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Generational Perspectives on American Public Administration in the Deep South for Law Enforcement Policy and Community Relations at the Local, State and National Levels

The views expressed are those of the author and do not necessarily reflect the views of ASPA as an organization.

By Michael Baker
July 21, 2017

A perspective on law enforcement and policy such as regulations and community relations should examine whether government regulations are considered to do more harm than good; whether the government already controls too much of our daily lives, and even in 2017, whether public administration should focus more on domestic rather than international policy and enforcement. These are three of the questions researched in the deep south prior to the last Presidential elections that might help us to partially understand the generational mood currents flowing and flaring currently in our country beyond partisan aspects. This article is a very brief summary of just a portion of the research in “Generational Perspectives on American Public Administration in the Deep South.”

A diverse cross-section of 132 participants of the population in Alabama, Georgia and Florida were surveyed and interviewed and spanned four generations defined below.


There was almost a 50/50 mix of men and women:


Asian, Black and a mixed populace participated (though a surprising feature was that some Blacks interviewed did not identify predominantly or even exclusively as Black, nor mixed-race, but at last on one occasion as white and another as of the “American” race — not meaning Native American, but a nationalistic identification).


The study had predominately college-educated people;


economic status was varied, and although some had part-time income that below what is considered poverty-level, none are deemed particularly wealthy:

economic status

Millennials results generally disagreed with Traditionalists and Boomers that government regulations do more harm than good, and were generally neutral on the government controlling too much of our lives. However, there was widespread agreement among all generations that public administration should pay more attention to the local, state and national policy and law enforcement than overseas matters. Gen Xers, like the Millennials, were generally neutral on public administration controlling too much of our daily lives. The most revealing but unsurprising perception of Millennials is that public administration is “selective about their actions based on demographics.”

Displaying a concern for stability and order, Boomer comments ranged from, “Control is exercised in terms of laws, regulations, taxes, and fees;” “Adults and parents need to be responsible individuals and raise their children with a good moral conscience;” and “ In law enforcement, the federal government ought to let the local authorities, the state authorities, handle local situations and not weigh in to influence the outcome of the process;” to “But then, there are two sides to everything and there are a lot of advantages to having the kind of government that provides protection, and allows people benefits that they wouldn’t have in other countries.”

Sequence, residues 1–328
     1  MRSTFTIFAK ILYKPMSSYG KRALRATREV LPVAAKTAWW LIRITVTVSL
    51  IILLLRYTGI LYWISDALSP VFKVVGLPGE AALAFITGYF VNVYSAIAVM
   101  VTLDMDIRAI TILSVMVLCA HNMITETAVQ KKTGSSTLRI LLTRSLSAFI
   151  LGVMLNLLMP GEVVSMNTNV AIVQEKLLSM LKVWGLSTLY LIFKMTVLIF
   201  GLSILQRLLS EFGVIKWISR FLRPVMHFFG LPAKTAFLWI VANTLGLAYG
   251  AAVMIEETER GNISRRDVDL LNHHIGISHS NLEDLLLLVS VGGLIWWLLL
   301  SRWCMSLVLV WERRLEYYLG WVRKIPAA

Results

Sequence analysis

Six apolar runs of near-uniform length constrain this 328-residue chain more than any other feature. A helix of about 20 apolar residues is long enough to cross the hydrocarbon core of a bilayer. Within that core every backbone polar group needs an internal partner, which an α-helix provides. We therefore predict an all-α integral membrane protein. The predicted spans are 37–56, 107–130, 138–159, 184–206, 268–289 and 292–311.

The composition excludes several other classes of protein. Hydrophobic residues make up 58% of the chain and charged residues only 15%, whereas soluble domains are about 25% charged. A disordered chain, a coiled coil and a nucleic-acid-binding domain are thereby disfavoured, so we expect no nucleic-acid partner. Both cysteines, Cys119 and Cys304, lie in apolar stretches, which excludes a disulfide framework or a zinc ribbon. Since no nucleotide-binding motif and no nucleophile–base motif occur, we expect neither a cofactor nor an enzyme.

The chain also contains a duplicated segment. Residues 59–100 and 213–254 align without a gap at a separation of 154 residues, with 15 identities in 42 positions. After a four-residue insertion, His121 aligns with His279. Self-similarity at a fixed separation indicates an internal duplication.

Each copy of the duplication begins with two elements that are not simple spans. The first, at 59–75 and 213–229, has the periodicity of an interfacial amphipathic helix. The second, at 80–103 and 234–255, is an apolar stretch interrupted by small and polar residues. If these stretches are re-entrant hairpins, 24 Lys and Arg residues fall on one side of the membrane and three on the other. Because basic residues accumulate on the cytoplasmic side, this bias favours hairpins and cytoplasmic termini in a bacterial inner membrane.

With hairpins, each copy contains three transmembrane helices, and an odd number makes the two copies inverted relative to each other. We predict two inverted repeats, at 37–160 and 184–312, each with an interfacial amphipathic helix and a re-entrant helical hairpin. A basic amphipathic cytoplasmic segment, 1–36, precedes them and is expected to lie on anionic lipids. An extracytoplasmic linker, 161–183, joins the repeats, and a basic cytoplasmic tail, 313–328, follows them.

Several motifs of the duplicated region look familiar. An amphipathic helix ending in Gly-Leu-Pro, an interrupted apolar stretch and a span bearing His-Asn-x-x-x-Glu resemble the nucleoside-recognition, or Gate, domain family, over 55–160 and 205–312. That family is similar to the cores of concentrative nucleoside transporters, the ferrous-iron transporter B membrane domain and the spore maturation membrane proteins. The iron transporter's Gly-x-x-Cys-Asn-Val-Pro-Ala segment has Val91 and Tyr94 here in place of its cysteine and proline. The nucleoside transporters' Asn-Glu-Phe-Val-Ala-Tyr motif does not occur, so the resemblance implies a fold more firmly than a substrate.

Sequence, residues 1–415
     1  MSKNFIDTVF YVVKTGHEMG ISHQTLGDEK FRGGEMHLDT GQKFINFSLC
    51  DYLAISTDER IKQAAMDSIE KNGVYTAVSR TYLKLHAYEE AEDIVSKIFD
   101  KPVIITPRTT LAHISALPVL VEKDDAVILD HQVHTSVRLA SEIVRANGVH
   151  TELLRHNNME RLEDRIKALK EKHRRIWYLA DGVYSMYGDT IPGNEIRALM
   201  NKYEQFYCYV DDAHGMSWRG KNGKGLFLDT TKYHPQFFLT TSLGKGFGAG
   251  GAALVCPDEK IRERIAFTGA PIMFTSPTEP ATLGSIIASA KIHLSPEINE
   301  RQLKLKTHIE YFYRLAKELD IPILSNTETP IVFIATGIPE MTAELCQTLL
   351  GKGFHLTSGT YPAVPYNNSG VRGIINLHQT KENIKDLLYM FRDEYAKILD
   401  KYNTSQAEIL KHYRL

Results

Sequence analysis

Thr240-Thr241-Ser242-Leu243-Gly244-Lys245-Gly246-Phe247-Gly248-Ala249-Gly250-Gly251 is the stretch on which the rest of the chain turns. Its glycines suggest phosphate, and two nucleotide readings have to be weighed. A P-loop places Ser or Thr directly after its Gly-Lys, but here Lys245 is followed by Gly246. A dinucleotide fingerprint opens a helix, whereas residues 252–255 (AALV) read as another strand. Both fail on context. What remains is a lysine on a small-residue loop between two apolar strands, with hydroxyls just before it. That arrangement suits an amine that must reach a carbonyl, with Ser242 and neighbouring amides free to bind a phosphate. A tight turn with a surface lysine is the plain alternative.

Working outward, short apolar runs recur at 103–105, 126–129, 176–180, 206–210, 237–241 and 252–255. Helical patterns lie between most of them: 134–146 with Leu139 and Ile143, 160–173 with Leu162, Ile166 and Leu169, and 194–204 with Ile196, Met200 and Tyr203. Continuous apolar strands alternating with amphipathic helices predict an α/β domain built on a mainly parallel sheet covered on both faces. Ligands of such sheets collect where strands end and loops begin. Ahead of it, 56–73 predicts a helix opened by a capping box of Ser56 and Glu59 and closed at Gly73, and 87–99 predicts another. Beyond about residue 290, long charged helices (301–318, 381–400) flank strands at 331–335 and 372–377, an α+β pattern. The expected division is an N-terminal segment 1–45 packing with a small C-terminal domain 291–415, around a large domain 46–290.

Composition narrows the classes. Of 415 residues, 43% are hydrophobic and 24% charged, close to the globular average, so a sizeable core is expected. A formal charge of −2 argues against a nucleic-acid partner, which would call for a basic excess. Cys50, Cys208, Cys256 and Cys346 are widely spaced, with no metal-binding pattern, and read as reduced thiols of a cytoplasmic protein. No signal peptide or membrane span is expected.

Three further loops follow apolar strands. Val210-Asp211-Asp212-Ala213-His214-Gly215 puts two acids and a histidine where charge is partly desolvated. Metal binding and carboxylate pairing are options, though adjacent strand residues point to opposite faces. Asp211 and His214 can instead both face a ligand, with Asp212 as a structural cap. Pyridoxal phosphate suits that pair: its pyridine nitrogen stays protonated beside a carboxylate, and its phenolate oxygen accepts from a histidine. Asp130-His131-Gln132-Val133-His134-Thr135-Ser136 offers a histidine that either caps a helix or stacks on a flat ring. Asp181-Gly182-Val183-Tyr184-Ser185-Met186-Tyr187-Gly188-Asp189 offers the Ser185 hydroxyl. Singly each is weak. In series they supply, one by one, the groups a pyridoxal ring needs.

Generally feeling strongest that regulations do more harm than good, Traditionalists were the most philosophical: “Demands filter through the public process, produce the output which meets peoples’ demands and needs.” In the same vein, “There’s really not an issue with control, public administration has the responsibility for our daily lives. It doesn’t help one become employed or take care of your family, but does uphold any individual living in the community, making sure [the community] meets the needs of the citizens.”

The third issue was whether or not “American government should pay more attention to domestic than overseas problems.” Three of the four generations indicated the strongest agreement of any question in the research. Not really opposing but contemplative, Traditionalist commented, “Overseas problems will migrate to the US quietly if ignored,” and public administration “needs to do more, both with efficiency and with definite goals.” And further, “We are living now in an age of international globalization, international interconnection, so there is no reason why we cannot expect the local government to get involved overseas and invite investment. For example, the Hyundai group invites direct foreign investment; Hyundai [of Montgomery, Alabama] maybe was even also invited at the county level, … But the state of Alabama is now extensively involved in globalization. There used to be in America a parochial narrow view, but now that view extends to the entire world, the role of the state and local level is a very important part of the American [economic] system.”

Perhaps Traditionalist comments express the research conclusions best. “Things are more difficult now, leadership and cooperation in public administration helps the community to survive within its own environment and that’s basically what it’s all about. Public administration is not to make a profit, but to make sure the city, state and nation is managed well. One example is safety; today every school has a policeman – which is a different environment with the policeman sitting sometimes in the same office as the principal.” And, “Congress provides the regulations for public administration. Based on what is going on currently, pubic administration is not really as effective as it used to be. Whether for housing or education policy, regulatory policy should be individualized, but overall regulations are less effective than they used to be. The trust the American people place on Congress seems less confident than it was decades ago, so maybe regulations follow suit.”

Author: W.D. Michael Baker, Ed., Retired Federal Civil Servant & Adjunct University Professor.

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